Ozone/UV process
With the higher oxidation potential of generated hydroxyl radicals with respect to ozone, the ozone/UV process provides a significant enhancement of oxidative degradation rate through which a wide range of organic and inorganic compounds are attacked. The ozone/UV process is one of the most advanced water treatment methods available for effective oxidation and destruction of toxic and refractory or “inert” organic matter.

Common with other hydroxyl radical generating degradation processes, ozone/UV oxidizes a wide range of organic compounds including partially halogenated (i.e., chlorinated) and unsaturated halogenated hydrocarbons and humic substances. The rate of hydroxyl radical reaction is typically 106-to-109 times faster than the corresponding attack with molecular ozone (see Table 2).

There have been extensive studies into treatment of water and wastewater containing low and high concentrations of organic pollutants by this process. The efficiency of the process has been proven on a pilot and technical scale with destruction of toxic or refractory organic pollutants from the parts per million (ppm) or parts per billion (ppb) range to acceptable or non-detectable limits without generation of hazardous by-products

Advanced oxidation process
The process of combining ozone with UV first involves installation of a bypass from the return line to the pool, downstream of the filters as shown in Figures 1 and 2. Chlorinated water is first pumped through a venturi injector, which draws the necessary vacuum through an air-fed corona discharge ozone generator and efficiently mixes the ozone created with the water flow. One or more contact vessels with sequential UV reactors allow oxidation and disinfection processses to be carried out. As a result, residual ozone is photochemically destroyed before the water leaves the contact vessel(s).

The process air, together with any residual ozone, is vented from the contact vessel(s) through activated carbon to destroy remaining ozone. A chemical disinfectant, most commonly chlorine, would still be required to prevent recontamination of the water—albeit with substantially lower dosage required.

Field testing
Experiments were carried out in a local swimming pool over a four-month period, investigating different pool water treatment methods including conventional chlorination, ozonation/chlorination and an advanced oxidation process in combination with low level chlorination. Water samples were collected at different points of the pool and, in the case of ozonation and advanced oxidation treatment methods, samples also were taken from before and after the purifying device.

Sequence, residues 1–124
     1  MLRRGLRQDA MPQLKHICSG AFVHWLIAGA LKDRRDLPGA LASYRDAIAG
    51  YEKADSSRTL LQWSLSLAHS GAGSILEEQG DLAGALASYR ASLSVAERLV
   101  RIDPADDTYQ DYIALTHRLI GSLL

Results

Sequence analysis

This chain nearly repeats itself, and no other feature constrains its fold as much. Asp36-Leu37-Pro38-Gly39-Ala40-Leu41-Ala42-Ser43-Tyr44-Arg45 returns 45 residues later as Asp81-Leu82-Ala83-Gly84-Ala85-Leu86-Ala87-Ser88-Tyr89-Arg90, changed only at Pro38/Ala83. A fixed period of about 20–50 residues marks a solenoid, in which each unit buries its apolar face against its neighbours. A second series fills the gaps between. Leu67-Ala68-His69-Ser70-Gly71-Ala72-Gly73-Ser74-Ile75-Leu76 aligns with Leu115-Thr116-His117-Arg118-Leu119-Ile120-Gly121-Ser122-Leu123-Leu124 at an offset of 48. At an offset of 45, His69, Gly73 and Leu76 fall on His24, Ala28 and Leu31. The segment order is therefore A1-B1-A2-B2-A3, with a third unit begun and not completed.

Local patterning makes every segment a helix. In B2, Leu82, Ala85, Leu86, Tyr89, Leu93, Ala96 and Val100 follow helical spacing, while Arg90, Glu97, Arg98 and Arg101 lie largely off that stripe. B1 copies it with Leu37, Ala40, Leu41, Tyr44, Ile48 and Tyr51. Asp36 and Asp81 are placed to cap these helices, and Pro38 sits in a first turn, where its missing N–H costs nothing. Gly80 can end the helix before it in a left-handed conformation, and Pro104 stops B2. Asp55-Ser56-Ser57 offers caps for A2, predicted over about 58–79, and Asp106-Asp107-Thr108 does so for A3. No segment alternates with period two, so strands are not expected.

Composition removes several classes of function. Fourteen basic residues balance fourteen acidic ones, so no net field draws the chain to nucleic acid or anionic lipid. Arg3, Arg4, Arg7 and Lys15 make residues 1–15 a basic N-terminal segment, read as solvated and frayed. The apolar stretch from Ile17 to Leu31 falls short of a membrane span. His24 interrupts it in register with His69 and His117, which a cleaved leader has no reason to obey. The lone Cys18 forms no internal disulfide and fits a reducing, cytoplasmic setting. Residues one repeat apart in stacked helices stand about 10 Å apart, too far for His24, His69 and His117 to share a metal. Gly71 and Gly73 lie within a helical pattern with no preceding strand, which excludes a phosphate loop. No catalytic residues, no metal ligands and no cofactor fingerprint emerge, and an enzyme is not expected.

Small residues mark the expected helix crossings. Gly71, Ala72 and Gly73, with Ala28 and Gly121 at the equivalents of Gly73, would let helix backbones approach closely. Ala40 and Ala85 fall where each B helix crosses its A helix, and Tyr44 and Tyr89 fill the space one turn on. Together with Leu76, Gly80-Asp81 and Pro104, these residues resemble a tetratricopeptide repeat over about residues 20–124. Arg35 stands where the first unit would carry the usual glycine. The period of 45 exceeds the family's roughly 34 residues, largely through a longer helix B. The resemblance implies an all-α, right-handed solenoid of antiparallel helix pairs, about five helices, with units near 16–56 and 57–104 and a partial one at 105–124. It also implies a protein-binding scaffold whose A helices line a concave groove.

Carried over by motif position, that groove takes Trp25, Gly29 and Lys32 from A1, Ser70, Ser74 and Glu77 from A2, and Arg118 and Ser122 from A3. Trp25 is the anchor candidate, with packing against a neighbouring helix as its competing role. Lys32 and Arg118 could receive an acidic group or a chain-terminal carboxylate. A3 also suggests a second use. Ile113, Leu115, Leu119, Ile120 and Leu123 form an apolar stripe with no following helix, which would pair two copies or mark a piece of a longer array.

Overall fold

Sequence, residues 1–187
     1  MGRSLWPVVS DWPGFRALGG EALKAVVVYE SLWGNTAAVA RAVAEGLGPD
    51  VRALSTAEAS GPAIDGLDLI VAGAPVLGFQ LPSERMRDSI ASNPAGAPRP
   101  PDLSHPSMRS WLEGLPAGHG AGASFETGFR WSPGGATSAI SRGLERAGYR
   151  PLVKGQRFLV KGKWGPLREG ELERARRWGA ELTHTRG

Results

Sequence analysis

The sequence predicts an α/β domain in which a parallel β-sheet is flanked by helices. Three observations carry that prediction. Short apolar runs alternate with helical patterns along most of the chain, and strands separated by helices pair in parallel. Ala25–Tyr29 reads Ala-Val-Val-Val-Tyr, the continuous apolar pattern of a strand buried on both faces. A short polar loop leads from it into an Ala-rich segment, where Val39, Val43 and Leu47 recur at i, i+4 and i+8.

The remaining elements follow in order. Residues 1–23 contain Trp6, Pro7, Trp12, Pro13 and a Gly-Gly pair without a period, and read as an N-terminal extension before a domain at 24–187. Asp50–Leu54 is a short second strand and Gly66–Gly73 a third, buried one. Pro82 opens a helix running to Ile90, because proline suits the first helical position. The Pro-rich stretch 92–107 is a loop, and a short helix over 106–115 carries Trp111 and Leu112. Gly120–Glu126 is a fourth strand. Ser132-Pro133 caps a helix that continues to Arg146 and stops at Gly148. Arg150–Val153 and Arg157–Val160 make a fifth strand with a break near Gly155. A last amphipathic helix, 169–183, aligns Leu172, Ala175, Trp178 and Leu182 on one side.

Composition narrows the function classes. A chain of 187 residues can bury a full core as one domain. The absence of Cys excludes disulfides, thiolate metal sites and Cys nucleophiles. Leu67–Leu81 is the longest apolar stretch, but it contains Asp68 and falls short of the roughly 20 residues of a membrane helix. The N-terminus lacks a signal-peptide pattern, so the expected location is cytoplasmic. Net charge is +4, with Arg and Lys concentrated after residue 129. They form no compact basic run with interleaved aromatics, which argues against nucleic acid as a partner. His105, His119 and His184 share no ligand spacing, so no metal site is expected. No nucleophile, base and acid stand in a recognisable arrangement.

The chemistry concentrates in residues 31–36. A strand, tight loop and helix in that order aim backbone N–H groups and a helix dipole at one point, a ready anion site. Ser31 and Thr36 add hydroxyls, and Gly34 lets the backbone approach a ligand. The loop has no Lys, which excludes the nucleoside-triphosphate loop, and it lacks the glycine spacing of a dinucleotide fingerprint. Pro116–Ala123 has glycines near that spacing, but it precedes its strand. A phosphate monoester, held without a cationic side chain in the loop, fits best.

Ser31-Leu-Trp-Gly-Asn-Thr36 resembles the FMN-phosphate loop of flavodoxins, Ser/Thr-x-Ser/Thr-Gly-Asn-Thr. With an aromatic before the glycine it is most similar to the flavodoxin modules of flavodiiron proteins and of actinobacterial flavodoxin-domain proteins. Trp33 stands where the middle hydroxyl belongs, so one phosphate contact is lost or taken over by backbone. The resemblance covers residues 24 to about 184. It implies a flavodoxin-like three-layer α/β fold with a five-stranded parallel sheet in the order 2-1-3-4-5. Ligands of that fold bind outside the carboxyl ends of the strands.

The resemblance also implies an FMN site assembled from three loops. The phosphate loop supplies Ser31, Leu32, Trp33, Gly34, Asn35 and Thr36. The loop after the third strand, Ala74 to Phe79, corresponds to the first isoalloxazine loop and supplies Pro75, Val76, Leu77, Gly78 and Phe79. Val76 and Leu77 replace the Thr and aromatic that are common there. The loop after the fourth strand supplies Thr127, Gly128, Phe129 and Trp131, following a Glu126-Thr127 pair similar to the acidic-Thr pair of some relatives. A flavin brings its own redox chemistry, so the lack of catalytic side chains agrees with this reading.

For consistency within this article, these processes will be named as follows:

Bacteriological analysis
Samples were analyzed for coliforms, E. coli, heterotrophic bacteria capable of growth at 37°C and 25°C.

Samples were collected in sterile 300 milliliter (ml) bottled with the caps and necks covered with foil. Each sample bottled contained 0.3 ml of a 1.8 percent solution of sodium thiosulphate to neutralize chlorine present in the swimming pool water. The method used was to collect one sample from each of the four sides of the pool. The samples were analyzed immediately on return to the laboratory (within one hour after collection).

Bacteriological, turbidity results
An abbreviated set of results showing mean values and standard deviations is shown in Table 3.

All samples collected gave low turbidity readings. Values varied between 0.5 and 1.5 nephelometric turbidity units (NTUs). These readings were close to the sensitivity of the instrument used. No coliform organisms or E. coli were detected in any of the 100-ml sample volumes analyzed. Even at the presumptive stage of the test using Minerals Modified Glutamate Medium, all bottles were negative so that no confirmatory tests were required with any sample. Recovery of bacteria from some samples was obtained using the plate count method but, in general, the numbers recovered were low.

On the basis of the bacteriological results obtained, it can be concluded all swimming pool samples examined in this study were of satisfactory quality. No coliform bacteria including E. coli were detected in any of the 100-ml sub-samples tested. Colony counts recorded at the normal reading times of two days at 37°C and three days at 25°C were very low for all samples. Turbidity readings were also low, although precise accuracy of measurements was difficult to achieve over the low range of values found.

UV transmission results